Plane makers bagged around 900 firm or provisional orders in Paris last year, the consultancy said. And while the international order backlog is high, a similar number of orders is expected next week on the back of recent rises in the price of oil.
“The trend between oil price and annualized orders has been uncannily strong,” said IBA’s Chief Executive Officer Stuart Hatcher in a report issued July 9.
“This is not surprising given that most orders have been placed for new fuel-efficient technology, but even with such large backlogs in play, orders continue to come in as oil rises.”
This time around however, the big three Gulf carriers — Etihad Airways, Emirates and Qatar Airways — are unlikely to feature too heavily among the big spenders next week, analysts predict.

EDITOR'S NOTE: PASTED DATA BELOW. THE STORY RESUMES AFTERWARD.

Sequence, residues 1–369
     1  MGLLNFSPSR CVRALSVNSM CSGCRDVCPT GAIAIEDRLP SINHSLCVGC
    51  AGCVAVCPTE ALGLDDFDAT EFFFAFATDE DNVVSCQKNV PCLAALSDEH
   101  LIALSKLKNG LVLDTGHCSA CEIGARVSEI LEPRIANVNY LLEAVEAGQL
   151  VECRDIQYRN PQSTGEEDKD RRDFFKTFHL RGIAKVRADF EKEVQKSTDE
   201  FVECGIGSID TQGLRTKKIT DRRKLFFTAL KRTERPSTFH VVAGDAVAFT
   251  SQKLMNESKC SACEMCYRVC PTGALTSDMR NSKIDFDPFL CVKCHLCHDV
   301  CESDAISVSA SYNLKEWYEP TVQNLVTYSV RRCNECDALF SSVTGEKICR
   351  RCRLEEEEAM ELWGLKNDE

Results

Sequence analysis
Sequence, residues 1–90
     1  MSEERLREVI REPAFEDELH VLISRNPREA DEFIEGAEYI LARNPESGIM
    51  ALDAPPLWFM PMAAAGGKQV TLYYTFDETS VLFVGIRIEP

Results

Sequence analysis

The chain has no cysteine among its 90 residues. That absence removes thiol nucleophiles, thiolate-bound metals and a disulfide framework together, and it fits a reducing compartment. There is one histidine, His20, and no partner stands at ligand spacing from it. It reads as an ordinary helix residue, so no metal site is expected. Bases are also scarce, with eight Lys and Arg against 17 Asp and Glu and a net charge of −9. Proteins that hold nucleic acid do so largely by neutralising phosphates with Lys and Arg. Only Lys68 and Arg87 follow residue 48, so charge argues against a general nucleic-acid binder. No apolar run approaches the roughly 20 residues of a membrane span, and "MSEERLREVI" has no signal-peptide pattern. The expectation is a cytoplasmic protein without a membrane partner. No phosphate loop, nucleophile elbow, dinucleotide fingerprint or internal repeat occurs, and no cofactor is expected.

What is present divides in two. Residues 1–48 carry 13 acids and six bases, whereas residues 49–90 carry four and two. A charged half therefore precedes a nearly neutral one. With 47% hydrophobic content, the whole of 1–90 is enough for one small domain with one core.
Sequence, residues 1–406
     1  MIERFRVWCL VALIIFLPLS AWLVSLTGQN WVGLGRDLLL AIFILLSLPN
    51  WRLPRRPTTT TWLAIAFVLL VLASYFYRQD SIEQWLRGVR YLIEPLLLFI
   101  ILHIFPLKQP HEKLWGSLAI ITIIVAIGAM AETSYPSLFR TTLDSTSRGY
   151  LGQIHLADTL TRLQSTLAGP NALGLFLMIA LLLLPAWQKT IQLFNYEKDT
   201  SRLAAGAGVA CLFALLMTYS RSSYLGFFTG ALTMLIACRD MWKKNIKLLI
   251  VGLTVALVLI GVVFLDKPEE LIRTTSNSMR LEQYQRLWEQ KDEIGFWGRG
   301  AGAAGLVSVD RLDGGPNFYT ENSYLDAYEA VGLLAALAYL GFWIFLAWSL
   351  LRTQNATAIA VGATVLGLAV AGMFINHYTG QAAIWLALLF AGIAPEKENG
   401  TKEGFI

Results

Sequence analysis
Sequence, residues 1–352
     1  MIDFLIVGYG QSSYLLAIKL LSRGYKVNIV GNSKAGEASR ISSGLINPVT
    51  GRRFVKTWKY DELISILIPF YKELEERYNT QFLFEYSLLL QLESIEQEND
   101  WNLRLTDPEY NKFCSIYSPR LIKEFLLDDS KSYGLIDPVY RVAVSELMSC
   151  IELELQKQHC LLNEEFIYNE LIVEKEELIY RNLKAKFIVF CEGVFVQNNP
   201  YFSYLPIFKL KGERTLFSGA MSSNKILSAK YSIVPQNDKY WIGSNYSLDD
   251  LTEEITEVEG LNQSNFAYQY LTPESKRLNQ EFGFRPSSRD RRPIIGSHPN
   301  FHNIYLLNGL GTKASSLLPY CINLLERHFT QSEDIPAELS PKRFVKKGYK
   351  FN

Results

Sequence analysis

Etihad Airways made headlines in Farnborough in 2008, when it made $20 billion worth of orders from Boeing and Airbus.
Fast forward 10 years though, and the Abu Dhabi carrier is in consolidation and restructuring mode, its international expansion plan on hold following the insolvency of its European partners Air Berlin and Alitalia.
After posting an annual loss of $1.5 billion for 2017 (albeit an improvement on the previous year), Etihad earlier this month announced a reorganization into seven business units to be accompanied by further job cuts, significantly scaling back its international ambitions.
The main deals the carrier is reportedly working on with manufacturers are attempted price reductions for previously placed orders.
“It’s not the done thing to cancel existing orders at airshows,” said Saj Ahmad, chief analyst at Strategic Aero Research.